The book is finished! I’ll need to come back here and update it to include a DIY text, but for now, here’s the final product!
Part VI – Designing the Cover
This part is very important. In fact, I started to design the cover on February 26, 2019, just after I finished the editing of the Necronomicon! I knew the first design was not to be the final one, but I had to play with different approaches, just for the fun of it. My first concept was very similar to the Necronomicon from the movie H.P. Lovecraft’s Necronomicon (aka Necronomicon: Book of the Dead) directed by Christophe Gans, Shûsuke Kaneko and Brian Yuzna in 1993. This movie is not the best Lovecraftian movie, but it is one of my favorite, and I love the book design! Anyway, I quickly decided to depart from that design, as I wanted something unique. I also never envisaged a cover based on Sam Raimi’s Evil Dead trilogy. Many fans choose a screaming face to represent the Necronomicon because of it, but Raimi’s “Kandorian Necronomicon” has absolutely nothing to do with the Lovecraftian Necronomicon. On a similar note, I have no references to Raimi’s Necronomicon, designed by Tom Sullivan in my version. One day, I’ll make my own replica of that version of the Necronomicon, but that’s another project.
One thing was clear in my mind: I had to add the 1977 Simon’s Necronomicon “Sigil of the Gateway” or “Necronomicon Seal” on the front cover. This sigil is a pure invention by Simon (Peter Levenda), designed by artist Khem Caigan and combine the sigils of ARRA (Human Being), AGGA (the Elder Gods) and BANDAR (The watcher) — all fictional sigils — but the symbol is not only aesthetic, but it’s largely recognized by Lovecraft’s fans or occult practitioners around the world. I even have a tattoo of that sigil on my right arm, so I can’t say enough how much I love the look of it!
I placed the sigil off-center, to add chaos on the cover. To me, a symmetrical cover doesn’t give justice to the dreaded Necronomicon. I started to add lines, and circles, and then this design (design 14 to be precise) came very naturally. My girlfriend hated the tentacles, but at the time, it looked right for me (I guess). At the end, I removed “Necronomicon” from the cover, to keep it simple, but that was it:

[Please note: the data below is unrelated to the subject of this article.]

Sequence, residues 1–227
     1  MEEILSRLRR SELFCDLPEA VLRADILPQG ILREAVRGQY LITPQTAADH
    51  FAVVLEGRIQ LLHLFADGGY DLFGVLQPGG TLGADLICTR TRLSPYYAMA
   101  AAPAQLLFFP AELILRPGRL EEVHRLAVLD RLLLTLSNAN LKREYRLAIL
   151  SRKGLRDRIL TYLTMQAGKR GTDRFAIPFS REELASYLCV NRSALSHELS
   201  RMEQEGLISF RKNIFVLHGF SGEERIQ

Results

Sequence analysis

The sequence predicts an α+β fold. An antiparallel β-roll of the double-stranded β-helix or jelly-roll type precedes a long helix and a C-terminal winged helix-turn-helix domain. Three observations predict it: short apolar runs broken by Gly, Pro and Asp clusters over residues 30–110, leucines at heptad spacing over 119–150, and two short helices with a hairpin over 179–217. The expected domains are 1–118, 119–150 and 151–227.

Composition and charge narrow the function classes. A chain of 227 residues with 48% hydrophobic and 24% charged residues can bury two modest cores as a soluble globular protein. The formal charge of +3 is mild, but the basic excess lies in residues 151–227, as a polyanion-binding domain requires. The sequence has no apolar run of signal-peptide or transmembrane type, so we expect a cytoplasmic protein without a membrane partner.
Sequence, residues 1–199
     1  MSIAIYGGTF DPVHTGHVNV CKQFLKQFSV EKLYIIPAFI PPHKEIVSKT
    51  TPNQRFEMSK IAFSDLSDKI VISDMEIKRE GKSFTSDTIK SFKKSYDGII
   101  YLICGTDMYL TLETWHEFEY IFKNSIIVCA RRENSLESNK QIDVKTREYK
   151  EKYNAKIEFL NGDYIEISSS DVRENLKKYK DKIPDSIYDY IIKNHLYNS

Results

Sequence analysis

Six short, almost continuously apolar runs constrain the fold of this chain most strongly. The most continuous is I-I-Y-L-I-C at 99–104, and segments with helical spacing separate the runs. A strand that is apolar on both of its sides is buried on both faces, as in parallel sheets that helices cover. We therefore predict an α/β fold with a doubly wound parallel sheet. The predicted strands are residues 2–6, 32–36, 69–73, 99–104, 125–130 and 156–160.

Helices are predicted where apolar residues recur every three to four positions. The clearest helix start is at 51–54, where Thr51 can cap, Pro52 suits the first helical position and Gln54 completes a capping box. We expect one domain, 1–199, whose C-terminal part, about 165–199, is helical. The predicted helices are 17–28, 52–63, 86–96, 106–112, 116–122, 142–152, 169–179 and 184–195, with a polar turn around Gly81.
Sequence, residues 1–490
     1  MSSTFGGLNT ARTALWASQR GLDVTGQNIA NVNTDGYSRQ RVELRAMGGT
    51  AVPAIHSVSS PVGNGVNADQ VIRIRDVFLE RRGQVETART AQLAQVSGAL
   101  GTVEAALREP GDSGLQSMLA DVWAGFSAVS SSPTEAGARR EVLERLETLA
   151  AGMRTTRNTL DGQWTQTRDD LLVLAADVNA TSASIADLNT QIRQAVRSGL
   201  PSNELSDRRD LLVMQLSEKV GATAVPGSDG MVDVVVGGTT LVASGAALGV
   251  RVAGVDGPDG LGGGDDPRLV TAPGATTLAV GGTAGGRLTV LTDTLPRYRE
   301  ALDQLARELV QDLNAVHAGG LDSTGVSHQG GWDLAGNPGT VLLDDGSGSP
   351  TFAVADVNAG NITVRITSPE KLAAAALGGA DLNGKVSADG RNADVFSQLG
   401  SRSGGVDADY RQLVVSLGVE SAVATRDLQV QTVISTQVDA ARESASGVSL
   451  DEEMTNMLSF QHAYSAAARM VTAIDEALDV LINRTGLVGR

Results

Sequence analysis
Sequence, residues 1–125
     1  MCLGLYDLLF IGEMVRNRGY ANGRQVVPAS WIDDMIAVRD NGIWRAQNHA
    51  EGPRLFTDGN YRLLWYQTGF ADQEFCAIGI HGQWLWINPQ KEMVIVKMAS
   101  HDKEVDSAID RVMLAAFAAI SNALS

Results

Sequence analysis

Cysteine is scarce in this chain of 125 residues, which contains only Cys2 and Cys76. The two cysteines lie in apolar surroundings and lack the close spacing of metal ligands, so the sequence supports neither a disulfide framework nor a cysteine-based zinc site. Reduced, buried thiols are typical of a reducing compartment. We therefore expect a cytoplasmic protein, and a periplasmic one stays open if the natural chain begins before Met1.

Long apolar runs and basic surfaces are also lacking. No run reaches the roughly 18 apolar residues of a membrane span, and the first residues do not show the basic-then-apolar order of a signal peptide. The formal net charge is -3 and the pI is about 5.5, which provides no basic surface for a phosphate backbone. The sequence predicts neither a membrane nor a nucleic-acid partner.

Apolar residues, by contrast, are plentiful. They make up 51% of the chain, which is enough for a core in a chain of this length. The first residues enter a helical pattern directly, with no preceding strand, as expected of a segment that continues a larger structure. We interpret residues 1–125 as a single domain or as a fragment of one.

Fast forward to May 23, 2019 (3 months later –which is exactly the day before I start doing the book binding), I decided to remove the border of tentacles. After reflection, it looked way too childish for me, and my girlfriend was right (as always). Instead of the tentacles, I added a straight border without putting any serious thoughts into it, and to be sincere, I still don’t know how it will look! I’ll play with texture tools and try to add atmosphere to it. For that design, I also decided to re-add the name of the book on the cover, but instead of “Necronomicon”, I went with “Al Azif”. “Necronomicon” is the Greek title by Theodorus Philetas for the 950 A.D. version, but I wanted to give back the original title from Abdul Alhazred book.
So, I have the “Sigil of the Gateway”, the “Al Azif” title, and some pattern that looks like sigils or constellations, and I added an Arabian-styled calligraphy, which is totally random and doesn’t follow any language or font. It look mystical and occult, and that is what I wanted! For the spine, I also included the sigil and the title, but added “ALHAZRED”. On the back, I kept it simple, but I added the “original” Elder Sign, as designed by H.P. Lovecraft himself, but redesigned by a fan with the inclusion of the names of the Old Ones. The Elder Sign is an icon in the Cthulhu Mythos, whose stories describe it as a form of protection against evil forces. The Necronomicon is known to have invocation and exorcism for the Cthulhu Mythos entities, and I think this is a nice touch to have the symbol acting as a repellent on the back of the book. If something turns wrong, grab the book and use it as a crucifix against the Lovecraftian monsters!
Here’s the final design:
Tomorrow, I will start the working on the leather cover!
Part V – Binding Finishing
After the pages have been glued and put in the book press for at least 12 hours, remove the textblock. This is the time to examine if the glue adhered to all the pages. If you have loose pages, that’s unfortunate, and only gluing them to the pages coming before and after could minimize the damage. Luckily enough, my textblock came out perfectly bound. It seems that the times I spend on research and my patience during the actual crafting process have been rewarded! I couldn’t help myself and I started to flip through it. It is exciting! Holding in my hands on what will become my own version of the Necronomicon felt amazing!
This step is fairly easy, compared to the actual page binding. For sure, it is way less stressful! Gather your ribbon(s) for the bookmark(s) and your headband/endband (tailband). I decided to have two bookmarks, one red, and one black. For the headband, I had ordered a Brown/Yellow pattern. By the way, if ribbons are easy to find in store where I live, there is no store that sells headband! On online store, they are cheap, but the shipping cost was more than four times the price of the item… Anyway, I wanted them, so I bought it.
First, cut the extra borders of the crash/mull/super (cheesecloth) and only keep the part glued on the spine. Add glue to the spine of the textblock where the bookmark(s) are to be fixed. I kept a generous length for the ribbons and glued them starting from the middle of the spine. The more you glue on the book, the less likely they’ll ever fall of in the future.